Lifestyle

Christian school is small but dedicated, ambitious

Mirror staff

Call it the little school that could –– and is.

Since it started four years ago, Des Moines Creek School has made a name for itself as a private Christian school where enrollment grows despite the bad economy.

Founded and directed by a couple whose children were among the first students, the tiny school attracts a patchwork group of middle-class families with a curriculum that school officials describe as “classical Christian liberal arts.” The mission, as posted on the school’s Web site, includes “to provide a learning community where children are nurtured to grow toward their God-given potential” and to “serve and lead in a manner which honors God.”

The school, which leases portable classroom buildings at Des Moines Cornerstone Christian Center but is non-denominational, is a member of the Association of Christian Schools International and approved by the state Board of Education.

John and Nancy Savage are the head and administrator, respectively, of the school that began the current academic year Sept. 17 with 16 pupils in kindergarten through fourth grade. Over the next 10 months:

• The Savages will grant scholarships to students whose parents stretch their own dollars “because they believe in the school.“

• Nancy, who calls herself “a yet-to-be-paid” administrator, will log 50 to 60-hour weeks working with the school’s three teachers and students’ parents.

• And John, a consultant whose clients are schools and other non-profit organizations across the country, will travel an average of 14 days a month but call in from the road to check on school business.

The school opened in 2000 with five students. The Savages said it has grown steadily in the midst of a tough economy. Standard monthly tuition is $395 for grades one through four and $250 for all-day kindergarten (8:30 a.m. to 3 p.m.).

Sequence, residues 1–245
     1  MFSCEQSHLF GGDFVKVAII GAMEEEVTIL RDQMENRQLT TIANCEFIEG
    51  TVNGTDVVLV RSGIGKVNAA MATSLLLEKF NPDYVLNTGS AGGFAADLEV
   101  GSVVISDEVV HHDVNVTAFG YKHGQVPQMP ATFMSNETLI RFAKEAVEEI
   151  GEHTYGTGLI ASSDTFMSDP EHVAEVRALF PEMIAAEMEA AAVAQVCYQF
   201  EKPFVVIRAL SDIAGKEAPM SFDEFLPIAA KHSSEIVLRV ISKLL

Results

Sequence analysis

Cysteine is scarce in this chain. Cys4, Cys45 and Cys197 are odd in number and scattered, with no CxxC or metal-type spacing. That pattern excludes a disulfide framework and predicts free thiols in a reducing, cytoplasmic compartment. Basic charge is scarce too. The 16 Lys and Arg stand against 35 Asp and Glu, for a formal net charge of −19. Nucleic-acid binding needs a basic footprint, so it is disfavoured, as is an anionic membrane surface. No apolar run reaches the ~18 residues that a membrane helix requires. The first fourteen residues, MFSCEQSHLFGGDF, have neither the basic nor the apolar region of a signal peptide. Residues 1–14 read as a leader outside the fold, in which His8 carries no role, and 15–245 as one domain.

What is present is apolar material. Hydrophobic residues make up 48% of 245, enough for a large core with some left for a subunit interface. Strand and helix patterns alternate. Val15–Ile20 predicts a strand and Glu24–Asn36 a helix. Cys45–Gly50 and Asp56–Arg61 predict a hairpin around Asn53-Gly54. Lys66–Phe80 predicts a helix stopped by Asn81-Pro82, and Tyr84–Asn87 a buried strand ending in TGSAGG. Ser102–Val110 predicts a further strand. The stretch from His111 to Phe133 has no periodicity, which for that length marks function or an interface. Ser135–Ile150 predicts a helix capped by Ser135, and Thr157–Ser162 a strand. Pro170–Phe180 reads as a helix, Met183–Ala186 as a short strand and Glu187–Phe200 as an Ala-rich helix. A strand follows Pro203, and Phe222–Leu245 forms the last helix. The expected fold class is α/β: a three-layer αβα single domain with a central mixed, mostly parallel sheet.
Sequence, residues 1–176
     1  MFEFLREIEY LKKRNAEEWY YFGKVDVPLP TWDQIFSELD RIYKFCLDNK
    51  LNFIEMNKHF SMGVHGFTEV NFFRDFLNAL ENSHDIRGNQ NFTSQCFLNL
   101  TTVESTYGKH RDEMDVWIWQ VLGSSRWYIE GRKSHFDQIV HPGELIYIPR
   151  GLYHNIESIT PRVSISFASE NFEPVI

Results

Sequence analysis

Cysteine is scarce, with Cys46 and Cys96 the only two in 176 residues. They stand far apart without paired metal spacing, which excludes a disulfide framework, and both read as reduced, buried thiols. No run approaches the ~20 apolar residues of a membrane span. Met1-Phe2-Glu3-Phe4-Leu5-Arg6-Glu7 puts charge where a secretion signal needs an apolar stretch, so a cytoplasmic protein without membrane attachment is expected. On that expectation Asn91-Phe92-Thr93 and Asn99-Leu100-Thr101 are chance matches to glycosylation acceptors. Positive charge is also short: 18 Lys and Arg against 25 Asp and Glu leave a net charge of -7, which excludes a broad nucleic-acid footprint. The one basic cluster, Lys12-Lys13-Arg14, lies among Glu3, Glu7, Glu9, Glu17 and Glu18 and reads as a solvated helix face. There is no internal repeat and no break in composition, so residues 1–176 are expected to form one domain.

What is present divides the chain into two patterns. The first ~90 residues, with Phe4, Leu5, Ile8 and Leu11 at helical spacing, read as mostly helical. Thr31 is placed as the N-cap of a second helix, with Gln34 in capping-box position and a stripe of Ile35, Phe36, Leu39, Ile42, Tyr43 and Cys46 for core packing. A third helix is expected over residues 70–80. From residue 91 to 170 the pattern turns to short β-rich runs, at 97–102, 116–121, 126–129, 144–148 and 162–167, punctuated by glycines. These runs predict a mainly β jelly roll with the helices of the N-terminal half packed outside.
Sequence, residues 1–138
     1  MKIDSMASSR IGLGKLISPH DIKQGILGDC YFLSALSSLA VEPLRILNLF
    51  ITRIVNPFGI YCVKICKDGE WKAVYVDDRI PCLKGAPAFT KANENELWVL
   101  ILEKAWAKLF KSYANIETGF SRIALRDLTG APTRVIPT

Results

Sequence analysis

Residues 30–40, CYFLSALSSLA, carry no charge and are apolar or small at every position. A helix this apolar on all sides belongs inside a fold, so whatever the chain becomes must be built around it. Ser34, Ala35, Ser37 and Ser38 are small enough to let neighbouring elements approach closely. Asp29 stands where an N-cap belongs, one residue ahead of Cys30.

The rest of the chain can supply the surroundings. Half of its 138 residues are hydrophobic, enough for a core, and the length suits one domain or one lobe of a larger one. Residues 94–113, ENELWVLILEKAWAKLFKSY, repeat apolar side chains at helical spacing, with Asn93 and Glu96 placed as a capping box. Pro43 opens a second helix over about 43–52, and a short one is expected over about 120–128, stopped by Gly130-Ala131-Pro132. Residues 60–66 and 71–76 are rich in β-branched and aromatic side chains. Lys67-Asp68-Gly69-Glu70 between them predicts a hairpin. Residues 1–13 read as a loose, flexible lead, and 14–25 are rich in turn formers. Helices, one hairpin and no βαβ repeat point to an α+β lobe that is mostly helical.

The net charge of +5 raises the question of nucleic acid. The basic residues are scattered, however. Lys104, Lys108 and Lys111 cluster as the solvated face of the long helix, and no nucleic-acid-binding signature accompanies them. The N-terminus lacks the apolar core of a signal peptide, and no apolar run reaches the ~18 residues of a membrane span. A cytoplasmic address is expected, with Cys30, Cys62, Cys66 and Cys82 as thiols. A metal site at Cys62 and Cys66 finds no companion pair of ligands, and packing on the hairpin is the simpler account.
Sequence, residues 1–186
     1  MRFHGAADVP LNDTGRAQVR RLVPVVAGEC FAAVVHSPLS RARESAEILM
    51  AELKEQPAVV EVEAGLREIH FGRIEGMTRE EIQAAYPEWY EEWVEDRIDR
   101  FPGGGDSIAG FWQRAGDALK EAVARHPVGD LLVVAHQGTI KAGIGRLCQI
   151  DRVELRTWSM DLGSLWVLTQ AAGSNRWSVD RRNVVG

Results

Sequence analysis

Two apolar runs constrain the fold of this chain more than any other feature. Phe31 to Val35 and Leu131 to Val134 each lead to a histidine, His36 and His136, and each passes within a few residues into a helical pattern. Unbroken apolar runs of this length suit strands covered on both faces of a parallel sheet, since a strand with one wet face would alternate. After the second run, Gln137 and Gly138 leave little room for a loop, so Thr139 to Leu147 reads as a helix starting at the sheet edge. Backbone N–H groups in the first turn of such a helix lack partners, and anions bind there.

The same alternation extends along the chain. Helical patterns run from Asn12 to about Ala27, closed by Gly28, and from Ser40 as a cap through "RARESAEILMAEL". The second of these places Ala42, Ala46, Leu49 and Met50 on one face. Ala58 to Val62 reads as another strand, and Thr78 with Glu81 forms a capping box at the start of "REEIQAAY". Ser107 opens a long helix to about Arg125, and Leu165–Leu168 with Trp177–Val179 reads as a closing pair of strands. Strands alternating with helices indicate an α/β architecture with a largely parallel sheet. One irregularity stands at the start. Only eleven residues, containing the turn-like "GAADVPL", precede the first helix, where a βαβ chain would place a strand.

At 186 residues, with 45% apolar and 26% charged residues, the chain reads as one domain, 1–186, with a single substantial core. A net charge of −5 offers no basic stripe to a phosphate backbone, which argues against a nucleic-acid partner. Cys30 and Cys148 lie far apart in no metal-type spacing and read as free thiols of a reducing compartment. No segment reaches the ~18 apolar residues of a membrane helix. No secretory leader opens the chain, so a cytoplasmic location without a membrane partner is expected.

Keeping tuition affordable to working families is a challenge, John Savage said.

“We’ve had months where we had to decide whether to pay our teachers or our mortgage,” he said. “We’ve had some donor support. It takes time to build a dream.”

Teachers meet state standards and attend seminars and university classes for professional development.

The curriculum they teach was discovered by Savage at Bear Creek School in Mill Creek, one of the schools he worked with in 1995. He said he “was impressed with the children –– not only how they were learning to think, but also how they respected each other and their teachers.”

“In my work as an executive coach,” he said, “I try to help leaders gain a better sense of who they are and where they are going. At (Des Moines Creek), we try to instill that same sense of personal vision and direction, and hope that the children will contribute to their communities by being mature, well-grounded individuals who give back to others.”

School officials noted that on recent national SAT exams, many Des Moines Creek students have tested out at an eighth-grade reading level, well beyond the average for kindergarten through fourth grade.

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